SA basks in very warm nightBen McBurney, Sunday December 8, 2013 - 13:22 EDT
Thick cloud combined with a hot air mass to lead to a very warm night last night over parts of South Australia, with some places seeing their warmest night in almost two years.
Wudinna on the state's west coast dipped to just 25.0 degrees overnight, its warmest night since January 2012 and for December in seven years. The minimum was achieved at around 9pm yesterday evening, before gusty northerly winds picked up. These winds caused temperatures to rise to 29 degrees by 2am, making for quite an unpleasant night for sleeping for residents of the town.
Cleve dipped to just 24.3 degrees, its warmest night in a year-and-a-half and for December in four years. Port Augusta dipped to 22 degrees, its warmest night since March.
It wasn't quite as unpleasant in the state's capital, with the city dipping to 20 degrees, however this was still five degrees above average.
Parts of the state will continue to endure hot conditions today due to gusty, dry northwesterly winds. The hot, windy weather is also leading to elevated fire danger, with severe fire danger forecast for the North West Pastoral, North East Pastoral, West Coast, Eastern Eyre Peninsula, Flinders, Mid North, Mount Lofty Ranges, Yorke Peninsula and Murraylands.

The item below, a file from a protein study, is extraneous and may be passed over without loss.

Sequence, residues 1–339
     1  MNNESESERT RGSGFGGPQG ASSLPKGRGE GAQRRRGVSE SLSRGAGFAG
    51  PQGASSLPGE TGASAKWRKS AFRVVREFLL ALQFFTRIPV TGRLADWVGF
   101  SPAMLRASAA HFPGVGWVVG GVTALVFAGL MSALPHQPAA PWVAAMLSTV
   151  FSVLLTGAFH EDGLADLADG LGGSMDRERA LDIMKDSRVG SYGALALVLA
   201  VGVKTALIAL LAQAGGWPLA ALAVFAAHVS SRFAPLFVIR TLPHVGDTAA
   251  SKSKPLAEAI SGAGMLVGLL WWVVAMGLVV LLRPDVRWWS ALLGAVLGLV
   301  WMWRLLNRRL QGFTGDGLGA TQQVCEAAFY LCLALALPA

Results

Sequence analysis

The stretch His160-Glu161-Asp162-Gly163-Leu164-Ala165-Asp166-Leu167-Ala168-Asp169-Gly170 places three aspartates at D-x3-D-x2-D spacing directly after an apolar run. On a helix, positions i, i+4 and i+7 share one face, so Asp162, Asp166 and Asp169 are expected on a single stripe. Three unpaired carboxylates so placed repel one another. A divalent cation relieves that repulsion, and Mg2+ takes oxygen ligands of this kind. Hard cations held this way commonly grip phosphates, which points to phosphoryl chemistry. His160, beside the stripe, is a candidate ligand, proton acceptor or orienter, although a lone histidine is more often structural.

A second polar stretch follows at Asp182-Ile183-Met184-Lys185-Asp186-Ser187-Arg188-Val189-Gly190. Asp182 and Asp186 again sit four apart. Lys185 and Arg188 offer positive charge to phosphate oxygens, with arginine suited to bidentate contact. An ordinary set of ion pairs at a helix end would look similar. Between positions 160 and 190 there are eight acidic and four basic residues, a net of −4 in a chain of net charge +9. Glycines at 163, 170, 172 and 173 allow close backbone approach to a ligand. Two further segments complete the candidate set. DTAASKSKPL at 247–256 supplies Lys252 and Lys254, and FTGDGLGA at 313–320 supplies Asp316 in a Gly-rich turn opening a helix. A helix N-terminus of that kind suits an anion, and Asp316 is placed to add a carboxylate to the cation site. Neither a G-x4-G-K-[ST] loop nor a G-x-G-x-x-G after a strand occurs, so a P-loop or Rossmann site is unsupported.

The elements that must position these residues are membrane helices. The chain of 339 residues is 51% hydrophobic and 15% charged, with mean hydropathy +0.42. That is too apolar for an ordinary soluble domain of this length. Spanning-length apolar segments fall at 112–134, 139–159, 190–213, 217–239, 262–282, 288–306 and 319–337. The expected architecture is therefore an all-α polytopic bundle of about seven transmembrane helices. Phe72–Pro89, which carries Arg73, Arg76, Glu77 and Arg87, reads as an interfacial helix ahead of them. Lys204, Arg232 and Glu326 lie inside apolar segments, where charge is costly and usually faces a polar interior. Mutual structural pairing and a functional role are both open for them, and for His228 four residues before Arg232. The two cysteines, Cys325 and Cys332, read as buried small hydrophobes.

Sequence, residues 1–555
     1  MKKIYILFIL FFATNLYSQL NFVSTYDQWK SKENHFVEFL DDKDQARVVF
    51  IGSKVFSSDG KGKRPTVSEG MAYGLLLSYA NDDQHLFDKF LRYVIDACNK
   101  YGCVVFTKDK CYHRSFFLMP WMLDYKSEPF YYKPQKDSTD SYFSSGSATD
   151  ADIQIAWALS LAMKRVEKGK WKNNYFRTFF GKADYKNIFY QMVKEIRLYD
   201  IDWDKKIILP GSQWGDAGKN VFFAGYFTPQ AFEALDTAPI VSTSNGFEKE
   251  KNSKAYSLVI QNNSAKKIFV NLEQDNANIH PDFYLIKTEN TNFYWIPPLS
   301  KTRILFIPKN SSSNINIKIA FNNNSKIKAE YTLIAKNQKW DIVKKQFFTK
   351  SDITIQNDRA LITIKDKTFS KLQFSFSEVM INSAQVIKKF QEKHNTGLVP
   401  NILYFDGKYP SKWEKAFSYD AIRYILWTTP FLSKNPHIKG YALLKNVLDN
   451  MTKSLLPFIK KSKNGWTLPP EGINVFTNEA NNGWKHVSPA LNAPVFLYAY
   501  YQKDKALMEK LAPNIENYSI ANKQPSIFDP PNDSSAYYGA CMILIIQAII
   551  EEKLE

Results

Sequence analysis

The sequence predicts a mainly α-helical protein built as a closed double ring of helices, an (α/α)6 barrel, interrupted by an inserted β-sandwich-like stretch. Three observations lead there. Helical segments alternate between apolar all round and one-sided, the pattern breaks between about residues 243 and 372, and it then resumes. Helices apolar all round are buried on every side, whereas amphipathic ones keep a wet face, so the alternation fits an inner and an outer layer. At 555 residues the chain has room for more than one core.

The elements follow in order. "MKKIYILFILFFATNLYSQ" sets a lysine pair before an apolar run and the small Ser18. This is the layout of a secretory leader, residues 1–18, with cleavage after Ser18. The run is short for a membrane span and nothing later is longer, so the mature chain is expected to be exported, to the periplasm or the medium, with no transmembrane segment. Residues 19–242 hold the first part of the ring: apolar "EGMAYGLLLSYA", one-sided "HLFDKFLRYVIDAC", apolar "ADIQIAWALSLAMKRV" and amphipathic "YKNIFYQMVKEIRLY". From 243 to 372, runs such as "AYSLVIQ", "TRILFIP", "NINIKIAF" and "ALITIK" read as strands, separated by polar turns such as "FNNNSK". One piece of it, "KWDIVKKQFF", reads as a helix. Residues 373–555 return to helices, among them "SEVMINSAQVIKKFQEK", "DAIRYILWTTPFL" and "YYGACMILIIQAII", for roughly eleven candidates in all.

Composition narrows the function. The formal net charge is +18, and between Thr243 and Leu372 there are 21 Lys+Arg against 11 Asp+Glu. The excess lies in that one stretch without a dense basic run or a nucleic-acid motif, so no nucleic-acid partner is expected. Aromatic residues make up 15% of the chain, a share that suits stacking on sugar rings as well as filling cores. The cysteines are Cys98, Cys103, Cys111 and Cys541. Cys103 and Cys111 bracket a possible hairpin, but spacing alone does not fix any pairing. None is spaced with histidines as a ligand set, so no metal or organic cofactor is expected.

Thankfully, a gusty southwesterly change is spreading from the south today, reaching the north of the state by tomorrow evening. Near the coast, this front could also bring decent rain, with widespread 5-10mm falls and some places possibly seeing as much as 20mm.
In the wake of the front, temperatures will remain below average for a few days, before heat begins to build again from mid-week.
© Weatherzone 2013
More breaking news
Australia's energy operator has found power plant failures contributed to the unprecedented pressure on the New South Wales electricity grid during this month's heatwave.
Flying fox rescuers in Sydney are experiencing "the worst season ever" as a record number of bats get caught and injured in nets used to protect backyard fruit trees.
With a few days to go until the official end to the summer season, it looks like parts of New South Wales could still see the odd drop of rain.